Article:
Forest Park officials took two steps toward strengthening the village’s business community at the May 23 village council meeting, voting unanimously to increase financial support to the Forest Park Chamber of Commerce and Development and to hire an economic development consultant.

For the Chamber of Commerce, village officials agreed to increase annual funding support to $25,000, plus make a one-time contribution not to exceed $20,000 for a celebration and awareness campaign upon the completion of the Madison Street resurfacing project.

On the economic development front, village officials chose Business Districts Inc. of Evanston for a base rate of $3,000 per month for six months plus additional expenses (if any are incurred with separate approval by the village council). The agreement includes a 15-day termination clause.

The Chamber of Commerce funding created some discussion.

Commissioner Dan Novak, while stressing he was “all for” increasing financial support, expressed some concerns. In response to his question about reporting on how the funds will be spent, Chamber of Commerce Treasurer Erik Fjeldstad said the organization would “work with whomever the village designates” to provide regular financial reports.

Novak also questioned which Madison Street businesses are Chamber of Commerce members.

In response to Commissioner Rachell Entler’s question, Fjeldstad stated funds would be expended in Forest Park.

“There’s an expectation that we will receive information requested on an ongoing basis,” Mayor Anthony Calderone added.

Village Administrator Tim Gillian explained that the village has provided ongoing financial support to the Chamber of Commerce but the amounts have fluctuated over the years. 

Business Districts Inc. is no stranger to Forest Park, having done consulting work for the village dating back to 1995. Most recently, the firm created a strategic plan in 2014 and 2015. In addition, one of the firm’s principals, Bridget Lane, is a Forest Park resident, which Calderone identified as an incentive.

Lane, who said she looks forward to working with the village again, said her firm has basically guided village officials on business development and opportunities to attract from the larger Chicago market. The relationship has been “on and off” and not constant, she noted.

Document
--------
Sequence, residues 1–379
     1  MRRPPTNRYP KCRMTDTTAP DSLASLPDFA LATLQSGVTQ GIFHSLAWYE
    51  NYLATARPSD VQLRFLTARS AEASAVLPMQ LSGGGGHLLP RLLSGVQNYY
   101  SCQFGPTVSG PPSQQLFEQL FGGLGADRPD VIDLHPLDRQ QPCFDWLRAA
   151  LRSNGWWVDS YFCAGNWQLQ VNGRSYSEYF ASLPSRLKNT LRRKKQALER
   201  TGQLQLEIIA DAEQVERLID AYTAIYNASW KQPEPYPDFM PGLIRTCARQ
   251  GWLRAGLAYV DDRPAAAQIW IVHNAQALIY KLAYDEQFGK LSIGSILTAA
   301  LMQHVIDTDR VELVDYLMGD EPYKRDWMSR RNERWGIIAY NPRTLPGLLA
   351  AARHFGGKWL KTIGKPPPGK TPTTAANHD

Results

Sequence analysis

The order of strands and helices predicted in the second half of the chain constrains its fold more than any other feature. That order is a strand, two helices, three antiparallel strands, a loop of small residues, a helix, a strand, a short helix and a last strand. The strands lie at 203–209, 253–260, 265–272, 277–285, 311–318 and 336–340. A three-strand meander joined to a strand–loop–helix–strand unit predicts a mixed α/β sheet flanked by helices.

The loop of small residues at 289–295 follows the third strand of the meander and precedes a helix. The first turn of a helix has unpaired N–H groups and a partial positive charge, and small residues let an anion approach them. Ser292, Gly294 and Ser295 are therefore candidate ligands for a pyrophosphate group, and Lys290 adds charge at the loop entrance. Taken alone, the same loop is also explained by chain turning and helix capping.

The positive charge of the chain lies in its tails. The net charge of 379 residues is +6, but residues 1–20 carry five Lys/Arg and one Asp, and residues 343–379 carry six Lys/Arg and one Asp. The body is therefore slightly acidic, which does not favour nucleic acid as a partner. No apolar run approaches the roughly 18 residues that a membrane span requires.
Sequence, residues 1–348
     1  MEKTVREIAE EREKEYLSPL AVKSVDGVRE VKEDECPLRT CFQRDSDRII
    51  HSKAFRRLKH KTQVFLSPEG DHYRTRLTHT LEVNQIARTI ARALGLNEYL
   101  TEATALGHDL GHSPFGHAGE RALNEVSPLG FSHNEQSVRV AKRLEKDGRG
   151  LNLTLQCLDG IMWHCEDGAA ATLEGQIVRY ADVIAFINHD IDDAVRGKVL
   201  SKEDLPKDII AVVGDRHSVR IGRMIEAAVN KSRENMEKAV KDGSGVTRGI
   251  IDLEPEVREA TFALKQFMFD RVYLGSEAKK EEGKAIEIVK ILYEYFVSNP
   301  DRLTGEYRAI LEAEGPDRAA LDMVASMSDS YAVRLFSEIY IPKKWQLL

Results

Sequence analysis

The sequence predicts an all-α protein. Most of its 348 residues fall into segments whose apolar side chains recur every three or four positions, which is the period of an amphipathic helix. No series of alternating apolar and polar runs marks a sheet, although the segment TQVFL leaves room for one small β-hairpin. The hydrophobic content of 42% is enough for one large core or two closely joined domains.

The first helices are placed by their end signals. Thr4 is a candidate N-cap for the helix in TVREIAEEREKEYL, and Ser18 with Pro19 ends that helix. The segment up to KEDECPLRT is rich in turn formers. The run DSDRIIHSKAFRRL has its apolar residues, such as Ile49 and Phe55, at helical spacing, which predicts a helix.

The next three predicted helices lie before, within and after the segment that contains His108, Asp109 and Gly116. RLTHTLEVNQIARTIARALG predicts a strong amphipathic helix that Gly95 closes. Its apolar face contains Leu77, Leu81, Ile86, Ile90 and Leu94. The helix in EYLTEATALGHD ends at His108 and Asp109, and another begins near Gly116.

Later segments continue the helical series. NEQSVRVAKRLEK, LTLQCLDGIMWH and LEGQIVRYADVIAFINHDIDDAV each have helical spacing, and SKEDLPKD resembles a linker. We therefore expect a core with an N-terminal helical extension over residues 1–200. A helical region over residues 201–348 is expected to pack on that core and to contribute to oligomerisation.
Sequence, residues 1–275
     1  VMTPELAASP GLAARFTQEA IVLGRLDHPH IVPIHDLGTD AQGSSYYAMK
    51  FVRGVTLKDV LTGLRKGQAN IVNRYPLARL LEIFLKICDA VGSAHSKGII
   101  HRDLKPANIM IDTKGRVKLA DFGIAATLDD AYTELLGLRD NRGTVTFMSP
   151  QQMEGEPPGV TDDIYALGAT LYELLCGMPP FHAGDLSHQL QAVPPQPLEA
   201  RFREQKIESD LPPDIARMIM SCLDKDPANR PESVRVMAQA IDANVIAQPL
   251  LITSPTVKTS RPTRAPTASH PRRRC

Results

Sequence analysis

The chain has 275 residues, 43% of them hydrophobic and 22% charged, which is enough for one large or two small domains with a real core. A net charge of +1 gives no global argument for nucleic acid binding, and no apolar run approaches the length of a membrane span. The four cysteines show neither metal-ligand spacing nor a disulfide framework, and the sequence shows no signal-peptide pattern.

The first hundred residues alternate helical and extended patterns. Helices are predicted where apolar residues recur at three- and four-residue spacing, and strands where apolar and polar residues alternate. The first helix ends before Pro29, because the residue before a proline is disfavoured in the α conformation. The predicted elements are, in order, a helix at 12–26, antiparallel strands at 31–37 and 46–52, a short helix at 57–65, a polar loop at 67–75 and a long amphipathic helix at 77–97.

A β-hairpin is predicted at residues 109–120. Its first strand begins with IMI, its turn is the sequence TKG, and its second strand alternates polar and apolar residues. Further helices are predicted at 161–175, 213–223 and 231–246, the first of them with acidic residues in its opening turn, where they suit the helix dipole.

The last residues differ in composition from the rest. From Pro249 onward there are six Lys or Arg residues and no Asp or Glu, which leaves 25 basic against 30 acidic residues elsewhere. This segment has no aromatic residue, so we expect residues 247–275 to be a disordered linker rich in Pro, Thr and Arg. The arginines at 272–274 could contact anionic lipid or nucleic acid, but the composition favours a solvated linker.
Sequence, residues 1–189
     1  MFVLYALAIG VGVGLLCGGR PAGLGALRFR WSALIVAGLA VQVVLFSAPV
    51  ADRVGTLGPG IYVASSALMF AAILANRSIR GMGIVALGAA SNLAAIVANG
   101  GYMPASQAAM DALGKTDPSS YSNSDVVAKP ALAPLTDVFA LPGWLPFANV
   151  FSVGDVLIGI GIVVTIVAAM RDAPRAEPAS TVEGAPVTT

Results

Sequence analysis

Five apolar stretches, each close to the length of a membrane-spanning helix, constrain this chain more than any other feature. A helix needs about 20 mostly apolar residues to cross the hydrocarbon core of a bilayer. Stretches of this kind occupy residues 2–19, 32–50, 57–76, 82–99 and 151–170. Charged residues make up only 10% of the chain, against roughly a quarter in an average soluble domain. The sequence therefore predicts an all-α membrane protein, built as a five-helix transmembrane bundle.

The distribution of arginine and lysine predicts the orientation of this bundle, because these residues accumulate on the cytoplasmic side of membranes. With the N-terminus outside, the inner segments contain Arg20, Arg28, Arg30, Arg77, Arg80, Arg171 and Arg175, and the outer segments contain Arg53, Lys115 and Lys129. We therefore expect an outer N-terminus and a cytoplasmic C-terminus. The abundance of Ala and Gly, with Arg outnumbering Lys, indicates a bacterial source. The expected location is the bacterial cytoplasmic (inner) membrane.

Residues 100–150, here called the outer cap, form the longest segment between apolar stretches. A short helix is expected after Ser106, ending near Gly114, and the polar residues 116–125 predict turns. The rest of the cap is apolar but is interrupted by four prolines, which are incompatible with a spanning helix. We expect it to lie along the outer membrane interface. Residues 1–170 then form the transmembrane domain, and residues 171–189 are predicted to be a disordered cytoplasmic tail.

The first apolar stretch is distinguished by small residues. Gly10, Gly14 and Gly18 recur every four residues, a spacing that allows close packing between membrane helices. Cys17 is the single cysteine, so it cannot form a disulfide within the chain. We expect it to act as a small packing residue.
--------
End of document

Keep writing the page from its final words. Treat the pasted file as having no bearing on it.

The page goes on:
Compared to other municipalities that attract national retailers, she called Forest Park “the heart of entrepreneurship in the western suburbs, which is a great opportunity in today’s economy.”

Under the first phase of the new agreement, Business Districts Inc. will address development of vacant storefronts at Madison Commons on Madison Street between Elgin and Marengo avenues; the vacant car dealership at Roosevelt Road and Desplaines Avenue; and the Forest Park Plaza outlots and former K-Mart on Roosevelt Road east of Desplaines Avenue. The firm will use its developer contacts and market knowledge to research specific tenants and development possibilities while involving the village council and the village’s Economic Development Committee, an ad-hoc group of village businessmen formed in April 2014 that meets monthly with Calderone to discuss enhancing the village’s economy through business development. Village council involvement will include a 30-minute presentation documenting each opportunity.

After incorporating comments from the Economic Development Committee and the village council, Business Districts Inc. will prepare an opportunity memo and implementation action plan for each initiative intended to correct short-term problems and realize a long-term vision. In addition, the firm will create monthly work plans that combine the implementation action plan with the Business Economic Initiative completed last year. Those monthly plans will list planned outreach to existing and potential businesses and promotion activities coordinated with the Chamber of Commerce.

In the second phase, Business Districts Inc. will assist the village with press releases and a media kit that promotes economic development initiatives and assist in reviewing developer proposals. In addition, the firm will assist the village’s website coordinator and Chamber of Commerce in creating a template for economic development updates and a business opportunities page targeting available properties. Printable promotional materials will also be created.

Calderone called the agreement “definitely a step in the right direction,” noting the village was hiring a consultant instead of a full-time economic development director, as was previously considered.

“We determined that it would be more prudent to hire a consultant who would come equipped with the resources versus taking on a staff person with all the hard and soft costs associated with that role,” he said.

However, the full-time position is still a possibility and language in the agreement with Business Districts Inc. states the firm will review the job description for the position and mentor the director once hired.

Calderone also indicated there are some uncertainties about the agreement and warned of a “learning curve” in response to questions from Novak regarding the potential additional expenses and involvement of village staff with Business Districts Inc.

In response to another Novak question, Calderone said the village did not budget funds for the agreement.